• I drive a $35k Tundra, it isn't so expensive. At 0% APR, it costs me $577.77 a month.

          I would tend to compare the Tesla to an Avalon Hybrid, which bases out at about $41k, so for double the price, you get a car that out performs the Avalon, and uses no gas. I am not sure it is worth the trade off.

    • Me too. (Score:5, Insightful)

      by Okian Warrior ( 537106 ) on Friday November 20, 2015 @05:40PM (#50972117) Homepage Journal

      Yes, the marketing campaign is flawless. My next car will be a Tesla, and my decision is based only on the articles published here on /.

      I'm also planning on getting a Tesla as my next vehicle.

      It's largely because of context. I *hate* how my dealership inserts itself between me an my purchase and tries to siphon off money for itself. I went through the trouble of looking for the *same* model and make of my previous purchase between two dealers - and got two "rock bottom" prices that were $1000 different. I know they were "rock bottom" prices, because the dealership told me so.

      There's also the reliability context. GM has a problem with its ignition switches, denies the problem for a decade, and once a hundred deaths occur [usatoday.com] fixes the issue without telling anyone, and backdates the paperwork [wikipedia.org] in an attempt to hide the issue.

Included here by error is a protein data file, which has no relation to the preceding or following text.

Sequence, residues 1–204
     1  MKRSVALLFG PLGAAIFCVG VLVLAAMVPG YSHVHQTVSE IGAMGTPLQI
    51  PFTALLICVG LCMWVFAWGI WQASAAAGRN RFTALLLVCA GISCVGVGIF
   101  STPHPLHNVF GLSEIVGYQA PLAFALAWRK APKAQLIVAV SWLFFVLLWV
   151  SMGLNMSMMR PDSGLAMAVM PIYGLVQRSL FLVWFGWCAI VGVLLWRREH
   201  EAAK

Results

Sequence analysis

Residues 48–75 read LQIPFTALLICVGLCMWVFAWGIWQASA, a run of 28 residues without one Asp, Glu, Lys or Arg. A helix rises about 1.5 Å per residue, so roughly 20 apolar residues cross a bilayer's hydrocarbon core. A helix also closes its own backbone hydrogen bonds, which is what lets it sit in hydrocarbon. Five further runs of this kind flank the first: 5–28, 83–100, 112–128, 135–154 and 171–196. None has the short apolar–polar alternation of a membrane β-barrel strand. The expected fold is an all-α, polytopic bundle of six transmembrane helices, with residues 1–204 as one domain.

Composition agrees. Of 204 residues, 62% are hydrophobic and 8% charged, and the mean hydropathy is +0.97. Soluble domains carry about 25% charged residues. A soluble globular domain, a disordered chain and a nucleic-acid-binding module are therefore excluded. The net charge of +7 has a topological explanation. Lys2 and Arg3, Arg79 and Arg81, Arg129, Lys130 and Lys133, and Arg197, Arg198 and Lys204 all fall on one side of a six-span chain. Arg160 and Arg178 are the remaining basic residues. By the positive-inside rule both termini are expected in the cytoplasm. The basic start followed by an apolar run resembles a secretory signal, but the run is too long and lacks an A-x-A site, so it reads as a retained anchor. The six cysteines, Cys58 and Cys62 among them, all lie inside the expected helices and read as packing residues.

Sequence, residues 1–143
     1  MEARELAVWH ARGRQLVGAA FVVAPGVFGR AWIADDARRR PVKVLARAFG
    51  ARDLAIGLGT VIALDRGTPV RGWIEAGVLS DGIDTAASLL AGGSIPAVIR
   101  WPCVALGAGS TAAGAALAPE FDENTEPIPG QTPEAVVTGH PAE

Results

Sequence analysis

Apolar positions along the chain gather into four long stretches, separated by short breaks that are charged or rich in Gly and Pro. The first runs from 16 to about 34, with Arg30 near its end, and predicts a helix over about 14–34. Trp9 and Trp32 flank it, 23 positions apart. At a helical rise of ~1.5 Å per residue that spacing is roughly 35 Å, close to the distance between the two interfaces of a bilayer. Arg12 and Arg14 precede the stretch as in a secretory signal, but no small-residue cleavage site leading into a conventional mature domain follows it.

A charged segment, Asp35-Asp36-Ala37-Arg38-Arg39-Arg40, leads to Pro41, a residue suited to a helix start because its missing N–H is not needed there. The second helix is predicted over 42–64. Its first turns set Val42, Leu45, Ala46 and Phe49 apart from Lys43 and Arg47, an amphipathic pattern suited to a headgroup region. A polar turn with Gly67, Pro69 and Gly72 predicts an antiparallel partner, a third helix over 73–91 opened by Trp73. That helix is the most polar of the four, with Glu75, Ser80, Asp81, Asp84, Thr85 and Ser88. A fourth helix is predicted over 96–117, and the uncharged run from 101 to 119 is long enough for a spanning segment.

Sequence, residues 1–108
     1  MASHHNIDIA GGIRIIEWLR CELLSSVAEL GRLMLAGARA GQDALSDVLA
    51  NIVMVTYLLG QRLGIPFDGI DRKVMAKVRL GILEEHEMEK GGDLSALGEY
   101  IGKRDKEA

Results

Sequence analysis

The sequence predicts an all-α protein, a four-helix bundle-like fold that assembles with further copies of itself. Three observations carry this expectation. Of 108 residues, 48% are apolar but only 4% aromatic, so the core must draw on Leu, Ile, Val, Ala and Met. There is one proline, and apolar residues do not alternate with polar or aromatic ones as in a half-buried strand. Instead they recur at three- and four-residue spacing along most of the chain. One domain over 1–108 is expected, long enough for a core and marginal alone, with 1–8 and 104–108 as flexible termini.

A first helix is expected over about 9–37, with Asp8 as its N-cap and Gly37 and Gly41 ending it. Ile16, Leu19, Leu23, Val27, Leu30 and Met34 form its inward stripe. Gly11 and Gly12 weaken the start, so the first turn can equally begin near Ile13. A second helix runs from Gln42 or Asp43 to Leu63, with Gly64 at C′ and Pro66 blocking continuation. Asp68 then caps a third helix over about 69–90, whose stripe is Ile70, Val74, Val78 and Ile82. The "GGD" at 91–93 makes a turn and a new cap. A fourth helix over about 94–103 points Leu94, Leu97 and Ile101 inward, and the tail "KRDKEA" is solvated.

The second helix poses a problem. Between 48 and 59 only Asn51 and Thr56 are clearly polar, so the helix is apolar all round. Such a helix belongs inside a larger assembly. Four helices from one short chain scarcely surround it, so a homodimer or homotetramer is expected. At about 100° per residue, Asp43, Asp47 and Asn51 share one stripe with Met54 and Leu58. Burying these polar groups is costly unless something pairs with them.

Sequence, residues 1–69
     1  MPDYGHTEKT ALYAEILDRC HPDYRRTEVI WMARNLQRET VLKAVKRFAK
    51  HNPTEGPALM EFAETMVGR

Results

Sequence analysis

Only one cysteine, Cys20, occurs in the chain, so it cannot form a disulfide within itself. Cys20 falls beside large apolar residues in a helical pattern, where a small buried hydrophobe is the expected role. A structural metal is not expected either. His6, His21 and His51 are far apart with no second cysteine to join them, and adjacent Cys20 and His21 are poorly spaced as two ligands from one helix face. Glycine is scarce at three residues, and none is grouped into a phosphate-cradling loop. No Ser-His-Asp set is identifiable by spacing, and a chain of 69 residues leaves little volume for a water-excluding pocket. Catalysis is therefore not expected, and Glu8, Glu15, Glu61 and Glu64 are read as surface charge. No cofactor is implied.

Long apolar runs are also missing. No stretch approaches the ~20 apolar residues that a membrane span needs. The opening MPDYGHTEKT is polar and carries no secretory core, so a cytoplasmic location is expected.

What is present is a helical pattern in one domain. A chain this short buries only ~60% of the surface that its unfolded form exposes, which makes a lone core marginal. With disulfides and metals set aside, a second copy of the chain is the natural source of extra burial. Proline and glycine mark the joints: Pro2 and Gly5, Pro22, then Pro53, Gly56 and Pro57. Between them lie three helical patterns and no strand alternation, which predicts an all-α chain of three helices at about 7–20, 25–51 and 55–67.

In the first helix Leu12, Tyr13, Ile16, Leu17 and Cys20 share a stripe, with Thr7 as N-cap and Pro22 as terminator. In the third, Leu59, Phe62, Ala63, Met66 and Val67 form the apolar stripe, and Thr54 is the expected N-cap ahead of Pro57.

For the longest time I couldn't rationalize Tesla stock analysis in the financial news. It's almost as if the analysts were looking at Tesla as a black box company: they make some product, have some capitalization, have some profit/loss, and it's a good/bad buy.

      As near as I can figure, the financial analysts have an algorithm that actually looks at Tesla as a black box company and makes an heuristic estimate of whether it's a good buy or not. Periodically, an analyst chooses Tesla for review and then rationalizes the heuristic output based on whatever news has recently happened.